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Sale-Leasebacks Are Back, Baby

The sale-leaseback transaction, nearly dormant in 2020, is coming back in vogue as investors search the pandemic-riddled landscape for yield while cash-strapped tenants hunt for capital infusions. 

Often parties with these two convergent interests find a solution in sale-leaseback transactions, or deals where businesses sell off properties to commercial real estate investors and then lease the same spaces back as tenants.

"I would say the current backdrop is incredibly conducive for sale-leasebacks right now," SLB Capital Advisors Managing Partner Scott Merkle said. "I would go as far as to say the market is really on fire."


Sale-leaseback activity picked up in the past several months after declining during the coronavirus pandemic. The deal type reached a trough in the third quarter of 2020 and then rose again with data from SLB Capital showing there was $3.1B worth of sale-leaseback activity nationwide in the fourth quarter of 2020, up from just shy of $2B in Q3 and $2.7B in Q2 2020. 

Deal flow has a ways to go to get back to prior peaks for dollars spent — SLB Capital data shows $11.1B worth of sale-leaseback deals in Q4 2019. But those numbers were skewed by high prices and large deals in late 2019, and 2021 has come out strong for number of transactions.

SLB Capital reported 160 completed sale-leaseback transactions nationwide in the first quarter of this year, up from just over 150 deals in the same quarter of 2020 and roughly 145 in Q1 2019.

Experts say this is likely just the beginning of a wave of deals, especially since they can be beneficial to both buyer and seller. 

Business owners may consider sale-leasebacks to remove debt obligations from their balance sheets in rough economies, in this case particularly if they have been hit hard by the pandemic, said Dallas real estate attorney Camisha Simmons, managing member of Simmons Legal PLLC. 

In the past year, several major retailers in DFW, including Tuesday Morning and Havertys, offloaded commercial real estate in sale-leaseback deals. In both cases, the firms entered into sale-leasebacks after experiencing substantial drops in traffic and sales during the early days of the pandemic. 

"When a company is experiencing a liquidity crisis, or they are having problems with cash flow, they will often try to restructure their balance sheets to monetize whatever assets they may have in order to increase cash to use in operations or increase company profit," she said.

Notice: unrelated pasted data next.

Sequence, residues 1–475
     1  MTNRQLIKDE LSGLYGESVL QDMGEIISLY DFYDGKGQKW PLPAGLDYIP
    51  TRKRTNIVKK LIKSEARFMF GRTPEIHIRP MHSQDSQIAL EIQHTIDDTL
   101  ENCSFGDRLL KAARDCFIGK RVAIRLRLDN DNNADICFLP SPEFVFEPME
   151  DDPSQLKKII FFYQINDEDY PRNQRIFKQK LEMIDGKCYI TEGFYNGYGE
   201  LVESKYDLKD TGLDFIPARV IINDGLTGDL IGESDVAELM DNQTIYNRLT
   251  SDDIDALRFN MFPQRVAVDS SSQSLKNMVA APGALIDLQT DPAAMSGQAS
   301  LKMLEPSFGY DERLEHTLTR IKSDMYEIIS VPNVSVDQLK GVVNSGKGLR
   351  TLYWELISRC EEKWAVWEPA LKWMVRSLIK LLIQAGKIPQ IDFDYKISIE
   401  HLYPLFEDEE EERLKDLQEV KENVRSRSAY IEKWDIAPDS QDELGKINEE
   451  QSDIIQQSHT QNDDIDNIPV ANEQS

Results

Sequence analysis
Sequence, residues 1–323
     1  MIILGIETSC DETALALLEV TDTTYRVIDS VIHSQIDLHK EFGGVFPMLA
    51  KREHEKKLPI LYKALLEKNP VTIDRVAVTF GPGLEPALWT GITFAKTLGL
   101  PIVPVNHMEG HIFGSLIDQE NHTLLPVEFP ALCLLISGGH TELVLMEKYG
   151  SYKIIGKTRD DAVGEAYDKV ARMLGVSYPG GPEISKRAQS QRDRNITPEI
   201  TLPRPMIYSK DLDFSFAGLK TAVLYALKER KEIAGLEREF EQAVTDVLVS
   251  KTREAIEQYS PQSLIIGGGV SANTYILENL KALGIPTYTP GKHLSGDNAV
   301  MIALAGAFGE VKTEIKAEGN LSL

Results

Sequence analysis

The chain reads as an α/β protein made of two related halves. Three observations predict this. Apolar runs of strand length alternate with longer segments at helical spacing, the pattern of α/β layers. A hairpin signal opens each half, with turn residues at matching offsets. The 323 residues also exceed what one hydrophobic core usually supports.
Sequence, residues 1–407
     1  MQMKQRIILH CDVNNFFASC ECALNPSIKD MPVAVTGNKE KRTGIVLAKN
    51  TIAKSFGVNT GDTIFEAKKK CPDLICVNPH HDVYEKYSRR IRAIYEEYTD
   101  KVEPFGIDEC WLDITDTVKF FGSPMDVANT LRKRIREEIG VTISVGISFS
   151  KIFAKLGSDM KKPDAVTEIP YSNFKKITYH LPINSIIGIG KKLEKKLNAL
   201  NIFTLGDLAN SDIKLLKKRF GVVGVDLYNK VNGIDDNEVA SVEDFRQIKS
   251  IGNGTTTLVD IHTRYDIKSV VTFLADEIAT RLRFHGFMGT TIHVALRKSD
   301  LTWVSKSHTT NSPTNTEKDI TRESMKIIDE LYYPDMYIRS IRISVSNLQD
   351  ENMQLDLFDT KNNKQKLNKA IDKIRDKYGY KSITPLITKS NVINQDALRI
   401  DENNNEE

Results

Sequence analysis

Businesses are most likely to consider selling and leasing back their properties in low-interest-rate environments like today with ongoing cap rate compression because they can get competitive rates, Edge Realty Partners Senior Associate for Capital Markets Nicolas Elwood said. 

It's all about pricing and value. 

"More and more property owners/users [are] putting their self-occupied facility on the market to capture price appreciation," Henry S. Miller Director of International Business Angela Chen said. "It’s an ideal deal for 1031 exchange buyers and investors; usually they are willing to pay a little premium for a long-term leaseback as long as the company is in good financial condition."

Merkle sees two primary drivers of sale-leaseback activity in today's market: a sharp divergence in the value of a business when compared to the appreciation of its underlying property and an increase in merger and acquisition activity, which tends to drive sale-leasebacks. 

"If you look across the wide swath of middle-market businesses, there continues to be a delta between what the underlying business is worth compared to the effective real estate multiple, so a lot of companies and private equity firms look to do sale-leasebacks to capture that value arbitrage," Merkle said.

Essentially, investors can get more bang for their buck on these deals than out in the middle-market sphere. Merkle also is watching the resurgence of net-lease REITs, which were on the sidelines in 2020 but are now actively deploying capital again, as they are typically major buyers of sale-leaseback assets.